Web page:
Due to weekend storms, public facilities have been temporarily closed in Yuma, including a major street and area public parks.
According to Joel Olea, director of field operations for the city of Yuma, a sinkhole was created from the heavy rainfall to the area on Friday. Airport Loop has been closed until further notice in both directions between Avenue A and County 14th Street.
The hole was reported to be developing adjacent to the northbound side of the street.
“Don’t count on the road being open at all, either direction, this week,” said Dave Nash, public affairs coordinator with the city of Yuma. “That doesn’t mean that’s all the time it’s going to take to fix it and that doesn’t mean necessarily that we’re going to have it fixed by then — we’re still in the assessment phase on that.”
Drivers should use Avenue B as a detour.
Both city and Yuma County personnel are working to fix the sinkhole and the road shoulder that was washed out.
The boat launch at West Wetlands Park, 2200 Water St., is closed as well as the beach and fishing areas at Gateway Park, 259 S. Gila St., due to high water levels from the Colorado River. Nearby ramadas and picnic shelters are still open.
“Visitors to the riverfront area are advised to use utmost caution, as river levels are high and currents varying to degrees not commonly seen,” city of Yuma officials stated.
In addition to the 1.66 inches of rain received Friday evening, water flowing from the Parker Dam to Yuma caused the Colorado River to rise higher than normal, said Ed Virden, chief of operations and maintenance for the Colorado River at the local Bureau of Reclamation office.
“When we release water for local water orders, that water is released from Parker Dam and the travel time is three days. Once that water is released, we can’t shut it off.”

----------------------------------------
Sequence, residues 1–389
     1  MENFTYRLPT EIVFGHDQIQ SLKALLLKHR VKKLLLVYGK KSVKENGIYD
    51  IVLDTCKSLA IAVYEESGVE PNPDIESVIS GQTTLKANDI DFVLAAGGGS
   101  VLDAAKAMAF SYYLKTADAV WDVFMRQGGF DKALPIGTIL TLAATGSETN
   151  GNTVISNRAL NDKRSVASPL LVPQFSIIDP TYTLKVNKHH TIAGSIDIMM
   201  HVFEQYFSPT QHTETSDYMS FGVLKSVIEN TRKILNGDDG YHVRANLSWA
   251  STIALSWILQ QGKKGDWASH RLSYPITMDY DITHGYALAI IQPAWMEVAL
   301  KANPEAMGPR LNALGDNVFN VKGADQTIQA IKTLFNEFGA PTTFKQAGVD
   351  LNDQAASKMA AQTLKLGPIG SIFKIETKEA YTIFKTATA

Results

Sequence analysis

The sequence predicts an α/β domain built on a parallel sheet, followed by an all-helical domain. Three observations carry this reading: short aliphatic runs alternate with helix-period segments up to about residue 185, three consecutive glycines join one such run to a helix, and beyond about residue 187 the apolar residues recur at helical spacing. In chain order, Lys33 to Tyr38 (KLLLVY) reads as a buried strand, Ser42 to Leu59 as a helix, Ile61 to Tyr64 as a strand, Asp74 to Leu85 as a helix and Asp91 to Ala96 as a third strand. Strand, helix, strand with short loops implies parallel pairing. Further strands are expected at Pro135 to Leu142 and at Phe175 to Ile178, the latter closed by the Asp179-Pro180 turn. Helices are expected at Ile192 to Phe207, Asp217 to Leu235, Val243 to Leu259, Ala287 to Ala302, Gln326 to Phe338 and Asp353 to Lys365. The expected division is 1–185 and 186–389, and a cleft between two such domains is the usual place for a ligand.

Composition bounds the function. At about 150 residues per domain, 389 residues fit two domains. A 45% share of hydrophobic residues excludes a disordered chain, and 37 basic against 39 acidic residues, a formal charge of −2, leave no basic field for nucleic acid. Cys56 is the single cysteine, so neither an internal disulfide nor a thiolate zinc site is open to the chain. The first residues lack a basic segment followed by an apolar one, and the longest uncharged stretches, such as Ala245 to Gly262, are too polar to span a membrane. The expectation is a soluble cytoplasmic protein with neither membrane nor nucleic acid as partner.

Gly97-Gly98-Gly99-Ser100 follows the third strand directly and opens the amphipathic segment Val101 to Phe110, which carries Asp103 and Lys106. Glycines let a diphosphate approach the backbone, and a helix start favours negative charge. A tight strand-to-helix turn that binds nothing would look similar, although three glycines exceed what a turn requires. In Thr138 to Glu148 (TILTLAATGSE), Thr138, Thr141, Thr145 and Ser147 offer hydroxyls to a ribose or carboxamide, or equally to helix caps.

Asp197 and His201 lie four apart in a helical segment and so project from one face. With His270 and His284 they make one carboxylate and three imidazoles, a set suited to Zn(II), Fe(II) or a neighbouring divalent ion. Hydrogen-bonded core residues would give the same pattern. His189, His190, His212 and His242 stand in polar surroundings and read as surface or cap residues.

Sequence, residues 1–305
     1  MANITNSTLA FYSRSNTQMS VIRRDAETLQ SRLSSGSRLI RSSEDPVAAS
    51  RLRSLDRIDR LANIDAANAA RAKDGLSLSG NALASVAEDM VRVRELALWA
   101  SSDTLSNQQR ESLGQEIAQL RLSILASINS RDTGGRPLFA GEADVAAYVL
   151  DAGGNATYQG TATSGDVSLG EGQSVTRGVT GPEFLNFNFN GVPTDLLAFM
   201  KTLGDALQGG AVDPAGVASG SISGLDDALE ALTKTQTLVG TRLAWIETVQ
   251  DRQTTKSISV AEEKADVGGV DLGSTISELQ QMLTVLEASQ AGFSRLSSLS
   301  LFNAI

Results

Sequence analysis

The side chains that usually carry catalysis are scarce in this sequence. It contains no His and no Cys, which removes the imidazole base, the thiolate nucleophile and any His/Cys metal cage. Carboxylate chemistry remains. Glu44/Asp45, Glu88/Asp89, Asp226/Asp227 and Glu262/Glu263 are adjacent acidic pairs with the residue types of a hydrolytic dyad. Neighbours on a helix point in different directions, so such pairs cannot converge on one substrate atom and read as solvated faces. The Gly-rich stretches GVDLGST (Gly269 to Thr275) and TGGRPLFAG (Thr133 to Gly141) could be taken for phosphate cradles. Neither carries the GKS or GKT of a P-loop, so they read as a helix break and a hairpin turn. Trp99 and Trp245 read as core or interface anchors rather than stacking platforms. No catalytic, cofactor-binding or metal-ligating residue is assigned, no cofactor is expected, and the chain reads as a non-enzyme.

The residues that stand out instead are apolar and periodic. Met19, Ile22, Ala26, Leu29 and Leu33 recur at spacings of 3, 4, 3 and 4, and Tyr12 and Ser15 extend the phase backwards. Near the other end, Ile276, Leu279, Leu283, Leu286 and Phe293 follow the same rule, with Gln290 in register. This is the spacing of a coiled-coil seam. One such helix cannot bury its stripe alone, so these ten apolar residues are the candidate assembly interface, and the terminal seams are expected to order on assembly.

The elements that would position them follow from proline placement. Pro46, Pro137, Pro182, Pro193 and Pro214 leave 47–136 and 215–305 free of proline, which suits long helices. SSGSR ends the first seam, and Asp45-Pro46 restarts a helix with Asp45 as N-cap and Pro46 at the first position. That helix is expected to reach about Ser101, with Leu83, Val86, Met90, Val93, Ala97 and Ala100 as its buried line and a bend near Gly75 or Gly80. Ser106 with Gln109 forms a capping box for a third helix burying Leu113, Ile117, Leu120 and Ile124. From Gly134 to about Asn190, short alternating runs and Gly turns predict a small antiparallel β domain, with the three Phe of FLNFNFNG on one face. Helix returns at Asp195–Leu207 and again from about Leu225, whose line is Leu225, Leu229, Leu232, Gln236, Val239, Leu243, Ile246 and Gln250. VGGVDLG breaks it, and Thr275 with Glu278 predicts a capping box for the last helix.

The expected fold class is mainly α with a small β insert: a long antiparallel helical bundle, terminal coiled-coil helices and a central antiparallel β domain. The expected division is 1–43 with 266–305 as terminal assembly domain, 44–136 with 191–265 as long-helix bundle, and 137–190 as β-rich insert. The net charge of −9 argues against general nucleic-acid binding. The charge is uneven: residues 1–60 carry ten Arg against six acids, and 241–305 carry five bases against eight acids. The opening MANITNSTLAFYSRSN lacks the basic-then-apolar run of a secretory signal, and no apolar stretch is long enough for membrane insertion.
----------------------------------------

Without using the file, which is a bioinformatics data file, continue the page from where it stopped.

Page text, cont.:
He explained that the water supply increases but local farmers cut back on their water intake because of the rainfall. Basically, he said, it causes an increase in supply and a decrease in demand.
Virden said the normal rate of water flow through the city of Yuma is 400 cubic feet per second (cfs), but the flow through the area midday Sunday peaked at about 5,500 cfs.
As of 3 p.m. Monday, the water was flowing at about 4,100 cfs.
“We do expect that the river will be normalized approximately by Thursday at noon,” Virden stated. “The worst is over, levees are intact but we do have some localized bank lines washouts and some damage to levee roads. We have crews that are repairing levee roads in the area of Paradise Casino.”
Doug Hendrix, public affairs officer for the Bureau of Reclamation, said the levee system was built to hold up during these types of circumstances.
The problem, he said, is the limited amount of storage for excess amounts of water.
Virden added, “The storage enables us to capture those daily imbalances between supply and demand but when Mother Nature speaks up, too, the storage fills up very quickly.”
Nash said that renovations to Gateway and the West Wetland Park allowed the facilities to withstand these types of overflow situations. “So far it’s done everything it’s designed to do.”
Other areas of closure include 42nd Place and Jojoba Avenue and sections of Ocotillo Park.
The park located in the Ocotillo Subdivision has been closed until repairs and cleanup can be completed. The only portion of the park that will remain usable at this time is the grassy area for soccer.
“Park users should expect the roped-off portions of the park to remain closed until the coming weekend,” stated city officials. “Adjacent to that park, street lanes are narrow but otherwise no impediment to traffic at 42nd Place and Jojoba Avenue due to stormwater runoff.”